Infrared Thermographic Sensing of Sewer Pipeline Problems

by Gary J. Weil, EnTech Engineering, Inc, St. Louis, United States,

Document Type: Proceeding Paper

Part of: Water Resources Planning and Management: Saving a Threatened Resource—In Search of Solutions


When a sewer caves in, it often takes the street, sidewalks, and surrounding buildings along for the ride. These collapses endanger public health and safety. Repairing a sewer before such a cave-in is obviously the preferred method. Emergency repairs cost far more than prevention measures - often millions of dollars more. The question addressed by this paper is how to detect unseen problem areas in or near sewer pipeline systems, such as erosion voids or pipeline leaks, before they give way. At the present, progressive sewer administrations may use crawl crews to inspect sewers when problems are suspected. This can be extremely costly and dangerous, and a void around the outside of the sewer is often invisible from within. Thus, even a crawl crew can fail to detect most voids. Infrared thermography has been found by sewer districts and independent evaluation engineering firms to be an extremely accurate method of finding sewer erosion voids and pipelines leaks, before they can cause expensive and dangerous problems. This technique uses a non-contact, remote sensing method, with the potential for surveying large areas quickly and efficiently.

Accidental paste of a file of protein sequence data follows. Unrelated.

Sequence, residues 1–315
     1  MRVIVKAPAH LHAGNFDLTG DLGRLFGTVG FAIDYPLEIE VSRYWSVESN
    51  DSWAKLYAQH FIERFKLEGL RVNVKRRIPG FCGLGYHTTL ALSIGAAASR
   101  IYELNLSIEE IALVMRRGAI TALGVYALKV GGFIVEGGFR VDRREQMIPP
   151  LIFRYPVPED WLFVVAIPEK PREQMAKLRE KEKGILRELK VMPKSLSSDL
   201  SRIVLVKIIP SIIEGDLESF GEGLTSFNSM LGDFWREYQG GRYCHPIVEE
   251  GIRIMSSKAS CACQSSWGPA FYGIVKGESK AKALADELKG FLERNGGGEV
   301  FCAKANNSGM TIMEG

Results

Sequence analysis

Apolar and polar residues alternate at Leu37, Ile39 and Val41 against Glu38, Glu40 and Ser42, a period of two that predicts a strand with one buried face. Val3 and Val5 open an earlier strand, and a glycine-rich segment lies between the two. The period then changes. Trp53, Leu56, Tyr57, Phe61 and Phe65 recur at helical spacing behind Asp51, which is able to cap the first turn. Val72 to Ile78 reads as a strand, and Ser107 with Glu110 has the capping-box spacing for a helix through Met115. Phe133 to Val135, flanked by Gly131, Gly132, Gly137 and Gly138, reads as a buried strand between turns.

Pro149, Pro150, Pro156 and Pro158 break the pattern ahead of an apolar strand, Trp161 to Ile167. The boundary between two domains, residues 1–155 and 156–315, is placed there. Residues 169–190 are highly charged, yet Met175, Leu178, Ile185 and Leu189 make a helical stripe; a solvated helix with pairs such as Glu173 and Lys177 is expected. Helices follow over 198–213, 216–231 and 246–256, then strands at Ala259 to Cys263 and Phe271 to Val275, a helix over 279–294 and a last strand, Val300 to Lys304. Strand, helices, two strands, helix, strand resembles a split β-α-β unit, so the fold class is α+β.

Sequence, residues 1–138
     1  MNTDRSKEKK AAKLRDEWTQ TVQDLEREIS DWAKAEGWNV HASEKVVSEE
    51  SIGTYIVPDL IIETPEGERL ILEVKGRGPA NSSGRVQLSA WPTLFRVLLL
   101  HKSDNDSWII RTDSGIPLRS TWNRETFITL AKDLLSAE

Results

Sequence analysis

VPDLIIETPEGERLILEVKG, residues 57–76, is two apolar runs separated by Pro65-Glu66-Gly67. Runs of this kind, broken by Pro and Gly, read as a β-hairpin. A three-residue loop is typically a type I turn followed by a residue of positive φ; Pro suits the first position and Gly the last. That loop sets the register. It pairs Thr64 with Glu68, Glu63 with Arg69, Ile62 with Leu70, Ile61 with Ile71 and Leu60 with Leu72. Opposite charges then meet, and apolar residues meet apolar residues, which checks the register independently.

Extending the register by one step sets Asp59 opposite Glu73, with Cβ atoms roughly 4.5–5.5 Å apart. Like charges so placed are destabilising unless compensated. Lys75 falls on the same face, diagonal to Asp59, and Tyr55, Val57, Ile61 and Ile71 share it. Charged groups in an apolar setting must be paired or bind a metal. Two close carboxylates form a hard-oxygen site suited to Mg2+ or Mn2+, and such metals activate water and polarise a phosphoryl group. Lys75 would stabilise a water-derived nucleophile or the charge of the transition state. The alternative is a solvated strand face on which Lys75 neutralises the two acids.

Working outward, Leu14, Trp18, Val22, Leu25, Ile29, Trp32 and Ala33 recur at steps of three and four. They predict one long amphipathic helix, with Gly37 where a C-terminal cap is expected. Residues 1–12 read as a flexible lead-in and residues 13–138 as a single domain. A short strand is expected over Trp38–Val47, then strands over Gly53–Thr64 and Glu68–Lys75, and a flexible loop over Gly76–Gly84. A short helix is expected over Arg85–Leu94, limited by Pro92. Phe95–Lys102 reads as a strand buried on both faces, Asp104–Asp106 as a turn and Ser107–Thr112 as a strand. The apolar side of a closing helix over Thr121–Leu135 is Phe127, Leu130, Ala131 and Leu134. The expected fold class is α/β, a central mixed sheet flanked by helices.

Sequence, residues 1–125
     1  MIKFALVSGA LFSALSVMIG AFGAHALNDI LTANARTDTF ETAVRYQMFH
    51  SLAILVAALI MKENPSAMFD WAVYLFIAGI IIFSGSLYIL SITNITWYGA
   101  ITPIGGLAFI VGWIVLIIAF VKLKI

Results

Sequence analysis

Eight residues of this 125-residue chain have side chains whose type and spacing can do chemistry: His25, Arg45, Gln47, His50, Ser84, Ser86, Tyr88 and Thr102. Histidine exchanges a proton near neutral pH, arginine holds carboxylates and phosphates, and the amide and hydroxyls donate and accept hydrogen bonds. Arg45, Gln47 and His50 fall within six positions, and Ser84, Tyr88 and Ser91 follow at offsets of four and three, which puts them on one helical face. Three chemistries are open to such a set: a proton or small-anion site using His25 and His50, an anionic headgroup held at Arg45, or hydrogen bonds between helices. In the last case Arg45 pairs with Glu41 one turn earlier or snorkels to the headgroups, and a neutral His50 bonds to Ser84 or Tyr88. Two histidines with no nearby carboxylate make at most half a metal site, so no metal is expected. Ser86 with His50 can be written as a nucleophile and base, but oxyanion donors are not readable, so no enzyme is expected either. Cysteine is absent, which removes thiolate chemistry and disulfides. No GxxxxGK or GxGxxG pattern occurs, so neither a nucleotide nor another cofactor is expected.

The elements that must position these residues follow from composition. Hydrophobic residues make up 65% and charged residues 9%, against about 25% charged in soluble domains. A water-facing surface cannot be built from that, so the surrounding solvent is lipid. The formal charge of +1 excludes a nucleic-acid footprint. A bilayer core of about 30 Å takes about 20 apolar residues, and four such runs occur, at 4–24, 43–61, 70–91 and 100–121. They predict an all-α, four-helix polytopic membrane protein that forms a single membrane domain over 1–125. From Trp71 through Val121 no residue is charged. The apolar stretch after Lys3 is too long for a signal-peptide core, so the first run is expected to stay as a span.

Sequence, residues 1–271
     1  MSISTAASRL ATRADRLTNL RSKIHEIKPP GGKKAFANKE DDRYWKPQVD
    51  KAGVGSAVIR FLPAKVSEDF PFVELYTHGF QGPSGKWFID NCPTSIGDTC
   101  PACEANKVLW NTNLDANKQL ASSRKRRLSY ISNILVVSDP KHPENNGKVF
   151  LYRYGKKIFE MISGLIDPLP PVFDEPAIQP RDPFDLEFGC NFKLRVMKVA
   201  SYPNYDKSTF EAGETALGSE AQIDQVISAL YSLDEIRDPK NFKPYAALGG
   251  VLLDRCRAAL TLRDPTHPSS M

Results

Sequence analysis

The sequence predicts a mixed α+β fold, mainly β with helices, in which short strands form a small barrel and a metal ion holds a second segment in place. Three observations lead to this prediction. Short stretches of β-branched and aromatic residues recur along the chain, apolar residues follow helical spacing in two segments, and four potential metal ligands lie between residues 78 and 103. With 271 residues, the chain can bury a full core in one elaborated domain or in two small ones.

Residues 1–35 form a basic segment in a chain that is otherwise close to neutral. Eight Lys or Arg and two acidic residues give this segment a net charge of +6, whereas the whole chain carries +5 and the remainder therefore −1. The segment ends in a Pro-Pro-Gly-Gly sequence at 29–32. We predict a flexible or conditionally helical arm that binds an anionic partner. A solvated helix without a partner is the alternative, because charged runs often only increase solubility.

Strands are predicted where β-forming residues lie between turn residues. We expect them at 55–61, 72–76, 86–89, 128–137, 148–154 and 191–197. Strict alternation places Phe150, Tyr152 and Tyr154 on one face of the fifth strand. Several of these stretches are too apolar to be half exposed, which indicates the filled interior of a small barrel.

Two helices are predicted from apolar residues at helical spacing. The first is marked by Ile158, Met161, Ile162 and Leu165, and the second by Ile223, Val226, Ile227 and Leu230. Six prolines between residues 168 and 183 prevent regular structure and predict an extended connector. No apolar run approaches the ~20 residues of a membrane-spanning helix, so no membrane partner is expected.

Subject Headings: Sewers | Computer vision and image processing | Thermal effects | Sewer pipes | Pipe leakage | Sensors and sensing | Voids | Public health and safety

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